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SHS 121 Case Management Resource Guide - Community Resources: Evaluate Your Sources

How to evaluate your sources

An extremely important part of the research process is evaluating your sources.  With each source, you want to answer questions such as:

  • Who is the author and what is their expertise, authority and background in the area they are writing on? 
  • Does the information look accurate? How can you tell?
  • Is it relevant to your research topic? 
  • Is it current enough or is the date not important? 

  • Is the information biased?  How can you tell?

Trying to answer these questions for information you find on web sites can often be more of a challenge than print sources.  With no editorial or review process on the web, it is crucial to evaluate the information you find to ensure it is credible, reliable and accurate.  For help with evaluating web sites, go to the Evaluate box on the Find Web Sites or click here.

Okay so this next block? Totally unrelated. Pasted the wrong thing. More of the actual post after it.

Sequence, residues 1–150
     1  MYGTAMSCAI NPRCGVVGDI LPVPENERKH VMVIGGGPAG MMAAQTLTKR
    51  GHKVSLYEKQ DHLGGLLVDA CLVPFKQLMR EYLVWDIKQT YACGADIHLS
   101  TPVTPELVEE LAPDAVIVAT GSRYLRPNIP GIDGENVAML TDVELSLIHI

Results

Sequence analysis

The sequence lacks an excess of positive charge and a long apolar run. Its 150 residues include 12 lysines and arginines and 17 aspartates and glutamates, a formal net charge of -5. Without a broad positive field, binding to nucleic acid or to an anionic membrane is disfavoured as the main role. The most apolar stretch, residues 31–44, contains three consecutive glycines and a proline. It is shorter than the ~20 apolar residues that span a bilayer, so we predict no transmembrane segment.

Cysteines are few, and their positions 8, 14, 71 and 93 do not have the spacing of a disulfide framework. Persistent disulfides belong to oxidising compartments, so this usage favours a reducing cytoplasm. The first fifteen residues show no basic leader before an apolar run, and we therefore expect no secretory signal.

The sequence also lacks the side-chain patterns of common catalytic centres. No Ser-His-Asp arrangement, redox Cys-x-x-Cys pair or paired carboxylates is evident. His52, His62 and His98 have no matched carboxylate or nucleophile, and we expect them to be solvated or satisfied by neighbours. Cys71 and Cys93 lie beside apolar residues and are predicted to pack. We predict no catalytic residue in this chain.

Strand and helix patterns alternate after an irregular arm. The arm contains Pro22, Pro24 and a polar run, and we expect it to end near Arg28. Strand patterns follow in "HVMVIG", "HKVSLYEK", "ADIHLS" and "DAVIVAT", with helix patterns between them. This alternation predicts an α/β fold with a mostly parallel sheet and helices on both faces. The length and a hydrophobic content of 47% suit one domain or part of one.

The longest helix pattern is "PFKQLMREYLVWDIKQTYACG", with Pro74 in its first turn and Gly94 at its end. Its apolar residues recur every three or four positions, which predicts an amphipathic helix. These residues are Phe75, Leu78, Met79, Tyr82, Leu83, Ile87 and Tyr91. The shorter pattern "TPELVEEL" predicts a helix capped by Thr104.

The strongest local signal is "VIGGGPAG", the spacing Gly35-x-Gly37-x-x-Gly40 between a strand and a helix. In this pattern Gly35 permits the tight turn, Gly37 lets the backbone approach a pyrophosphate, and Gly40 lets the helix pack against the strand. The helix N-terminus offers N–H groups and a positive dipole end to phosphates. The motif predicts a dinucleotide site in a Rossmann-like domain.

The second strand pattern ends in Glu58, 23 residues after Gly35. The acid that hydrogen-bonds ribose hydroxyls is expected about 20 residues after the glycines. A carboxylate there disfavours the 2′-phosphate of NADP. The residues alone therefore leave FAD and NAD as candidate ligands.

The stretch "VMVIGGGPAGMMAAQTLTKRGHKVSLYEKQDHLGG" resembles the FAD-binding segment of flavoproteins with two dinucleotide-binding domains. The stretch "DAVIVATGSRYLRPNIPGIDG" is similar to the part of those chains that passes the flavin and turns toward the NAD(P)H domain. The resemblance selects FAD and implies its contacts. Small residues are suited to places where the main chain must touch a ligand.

For help with evaluating all types of sources, check out the tutorials below and the short video from Brown University.


Short tutorial from NC State University Libraries on what to look for when evaluating your sources.

Source:  YouTube

Tutorial: Evaluating Health Information on the Web

It is extremely important to evaluate the sources of the information you find on the Internet, especially medical information.

Because anyone can put information on the web, so you need to be able to verify the credibility of the source and the information provided on the web sites you use for your research and studies.  

Here is a short 16 minute tutorial on how to evaluate the health related information you will find on the web. 

Source: NIH: National Library of Medicine  


Another short tutorial which describes why Google is not the best source for finding credible academic resources.

Source:  YouTube

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